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Presidents of the Philippines: Their Achievements and Contributions

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Since independence in 1898 and the ratification of the Philippine Constitution in the First Republic, there have been 15 presidents. Starting with General Emilio Aguinaldo all the way to current president Benigno Aquino, this article details each president's particular contributions and achievements while in office.

1. Emilio Aguinaldo 1899-1901

presidents-of-the-philippines-and-their-achievements-and-contributions

One way to remember the first president of the Philippines First Republic is to look at the five peso coin. Gen. Emilio Aguinaldo's face used to grace the five peso bill (which is not used anymore). The back of the bill shows him holding the Philippine flag at the celebration of the Philippine Independence Day.

Contributions and Achievements:

  • first (and only) president of the First Republic (Malolos Republic)
  • signed the Pact of Biak-na-Bato, creating a truce between the Spanish and Philippine revolutionaries
  • known as the President of the Revolutionary Government
  • led the Philippines in the Spanish-Philippine War and the American-Philippine War
  • youngest president, taking office at age 28
  • longest-lived president, passing away at 94

2. Manuel L. Quezon, 1935-1944

presidents-of-the-philippines-and-their-achievements-and-contributions

After 34 years of Insular Government under American rule, Philippine voters elected Manuel Luis Quezon first president of the Commonwealth of the Philippines. He is known as the “Father of National Language” (Ama ng Wikang Pambansa). He died of tuberculosis in Saranac Lake, New York.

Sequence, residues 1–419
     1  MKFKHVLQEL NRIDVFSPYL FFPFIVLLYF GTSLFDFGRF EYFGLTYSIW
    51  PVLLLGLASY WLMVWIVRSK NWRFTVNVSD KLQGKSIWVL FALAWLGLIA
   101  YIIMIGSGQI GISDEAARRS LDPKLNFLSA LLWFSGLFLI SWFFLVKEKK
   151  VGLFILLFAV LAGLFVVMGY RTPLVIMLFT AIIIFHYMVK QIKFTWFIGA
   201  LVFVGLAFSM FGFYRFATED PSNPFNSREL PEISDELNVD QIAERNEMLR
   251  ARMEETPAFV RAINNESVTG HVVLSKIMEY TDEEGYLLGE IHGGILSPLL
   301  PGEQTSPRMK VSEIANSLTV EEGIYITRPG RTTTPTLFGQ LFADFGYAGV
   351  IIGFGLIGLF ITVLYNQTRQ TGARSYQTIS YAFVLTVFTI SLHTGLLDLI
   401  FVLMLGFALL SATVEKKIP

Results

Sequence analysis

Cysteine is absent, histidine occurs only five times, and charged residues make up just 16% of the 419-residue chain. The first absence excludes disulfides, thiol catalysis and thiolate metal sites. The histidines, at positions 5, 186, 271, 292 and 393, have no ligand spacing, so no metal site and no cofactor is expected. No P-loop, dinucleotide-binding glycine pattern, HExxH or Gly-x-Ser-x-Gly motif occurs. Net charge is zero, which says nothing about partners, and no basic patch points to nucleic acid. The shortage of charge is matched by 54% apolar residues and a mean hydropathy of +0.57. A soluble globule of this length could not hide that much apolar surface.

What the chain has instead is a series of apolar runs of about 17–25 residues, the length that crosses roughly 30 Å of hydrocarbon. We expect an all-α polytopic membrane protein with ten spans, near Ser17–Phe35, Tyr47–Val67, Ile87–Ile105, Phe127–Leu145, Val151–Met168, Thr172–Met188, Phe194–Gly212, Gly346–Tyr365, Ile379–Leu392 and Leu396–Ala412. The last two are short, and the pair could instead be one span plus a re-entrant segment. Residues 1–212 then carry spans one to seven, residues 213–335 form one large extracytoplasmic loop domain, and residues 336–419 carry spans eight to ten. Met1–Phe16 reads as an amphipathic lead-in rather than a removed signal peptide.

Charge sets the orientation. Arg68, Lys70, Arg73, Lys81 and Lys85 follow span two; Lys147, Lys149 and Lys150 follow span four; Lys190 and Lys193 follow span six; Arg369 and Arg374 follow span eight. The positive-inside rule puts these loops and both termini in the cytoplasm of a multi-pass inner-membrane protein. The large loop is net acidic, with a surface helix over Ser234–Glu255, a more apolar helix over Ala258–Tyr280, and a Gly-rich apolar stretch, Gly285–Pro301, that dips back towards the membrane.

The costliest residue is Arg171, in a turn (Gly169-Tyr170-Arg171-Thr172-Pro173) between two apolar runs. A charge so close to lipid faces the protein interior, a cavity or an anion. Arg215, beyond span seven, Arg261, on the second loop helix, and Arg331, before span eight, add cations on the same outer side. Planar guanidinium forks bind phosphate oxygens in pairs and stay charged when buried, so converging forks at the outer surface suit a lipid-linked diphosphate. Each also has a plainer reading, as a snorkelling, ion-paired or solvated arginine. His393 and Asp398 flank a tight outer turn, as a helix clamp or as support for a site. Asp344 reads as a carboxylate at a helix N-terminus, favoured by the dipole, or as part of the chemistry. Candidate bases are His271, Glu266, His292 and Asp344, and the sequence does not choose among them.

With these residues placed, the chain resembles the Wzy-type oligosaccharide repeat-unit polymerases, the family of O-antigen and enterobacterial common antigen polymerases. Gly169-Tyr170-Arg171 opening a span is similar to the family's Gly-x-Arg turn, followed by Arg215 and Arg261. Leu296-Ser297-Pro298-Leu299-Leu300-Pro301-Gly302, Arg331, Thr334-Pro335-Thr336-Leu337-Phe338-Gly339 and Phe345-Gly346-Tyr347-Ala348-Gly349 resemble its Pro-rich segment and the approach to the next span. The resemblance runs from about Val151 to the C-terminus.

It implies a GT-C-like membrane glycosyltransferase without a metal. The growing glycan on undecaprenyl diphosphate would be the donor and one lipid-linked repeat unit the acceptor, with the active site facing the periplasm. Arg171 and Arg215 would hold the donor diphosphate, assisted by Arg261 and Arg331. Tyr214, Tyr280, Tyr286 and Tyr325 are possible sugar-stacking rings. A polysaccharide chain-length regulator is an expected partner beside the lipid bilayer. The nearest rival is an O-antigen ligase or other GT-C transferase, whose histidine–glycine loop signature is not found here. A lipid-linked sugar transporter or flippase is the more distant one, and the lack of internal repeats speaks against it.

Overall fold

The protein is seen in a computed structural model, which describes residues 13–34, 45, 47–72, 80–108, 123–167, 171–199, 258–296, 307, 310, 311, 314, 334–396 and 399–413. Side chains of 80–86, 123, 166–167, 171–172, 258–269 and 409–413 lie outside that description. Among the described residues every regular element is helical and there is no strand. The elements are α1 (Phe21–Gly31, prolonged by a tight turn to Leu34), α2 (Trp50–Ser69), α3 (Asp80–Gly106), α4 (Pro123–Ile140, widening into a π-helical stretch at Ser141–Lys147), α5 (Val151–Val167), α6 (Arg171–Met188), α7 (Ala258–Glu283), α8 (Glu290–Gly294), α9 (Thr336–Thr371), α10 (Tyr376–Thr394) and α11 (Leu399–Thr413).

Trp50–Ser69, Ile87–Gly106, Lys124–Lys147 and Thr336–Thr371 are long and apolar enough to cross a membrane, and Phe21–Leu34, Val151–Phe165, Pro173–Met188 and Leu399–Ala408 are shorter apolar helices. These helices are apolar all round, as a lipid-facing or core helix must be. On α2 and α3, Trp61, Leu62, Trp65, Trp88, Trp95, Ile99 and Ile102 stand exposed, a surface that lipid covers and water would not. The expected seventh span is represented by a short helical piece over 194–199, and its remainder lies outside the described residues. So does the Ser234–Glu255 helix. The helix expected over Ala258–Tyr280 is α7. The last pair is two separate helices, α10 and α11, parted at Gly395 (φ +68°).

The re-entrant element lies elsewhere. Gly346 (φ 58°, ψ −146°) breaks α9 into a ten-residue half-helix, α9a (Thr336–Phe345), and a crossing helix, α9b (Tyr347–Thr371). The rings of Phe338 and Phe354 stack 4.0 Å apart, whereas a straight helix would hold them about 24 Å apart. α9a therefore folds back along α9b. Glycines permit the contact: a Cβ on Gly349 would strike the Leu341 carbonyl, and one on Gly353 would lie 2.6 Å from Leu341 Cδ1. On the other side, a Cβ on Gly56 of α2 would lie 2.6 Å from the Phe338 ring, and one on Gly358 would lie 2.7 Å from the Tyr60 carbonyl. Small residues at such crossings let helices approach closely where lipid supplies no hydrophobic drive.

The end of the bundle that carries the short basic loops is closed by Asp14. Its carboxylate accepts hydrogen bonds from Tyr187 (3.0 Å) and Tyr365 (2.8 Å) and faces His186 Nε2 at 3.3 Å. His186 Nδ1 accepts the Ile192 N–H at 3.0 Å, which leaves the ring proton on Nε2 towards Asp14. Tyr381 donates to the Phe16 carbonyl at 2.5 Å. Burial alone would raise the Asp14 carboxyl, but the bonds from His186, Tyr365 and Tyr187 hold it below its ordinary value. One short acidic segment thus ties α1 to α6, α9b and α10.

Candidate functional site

Contributions and Achievements:

  • first Senate president elected as President of the Philippines
  • first president elected through a national election
  • first president under the Commonwealth
  • created National Council of Education
  • initiated women’s suffrage in the Philippines during the Commonwealth
  • approved Tagalog/Filipino as the national language of the Philippines
  • appears on the twenty-peso bill
  • a province, a city, a bridge and a university in Manila are named after him
  • his body lies within the special monument on Quezon Memorial Circle

3. José P. Laurel, 1943-1945

presidents-of-the-philippines-and-their-achievements-and-contributions

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José P. Laurel's presidency is controversial. He was officially the government's caretaker during the Japanese occupation of World War II. Criticized as a traitor by some, his indictment for treason was superseded later by an amnesty proclamation in 1948.

Contributions and Achievements:

  • since the early 1960s, Laurel considered a legitimate president of the Philippines
  • organized KALIBAPI (Kapisanan sa Paglilingkod sa Bagong Pilipinas, or Association for Service to the New Philippines), a provisional government during Japanese occupation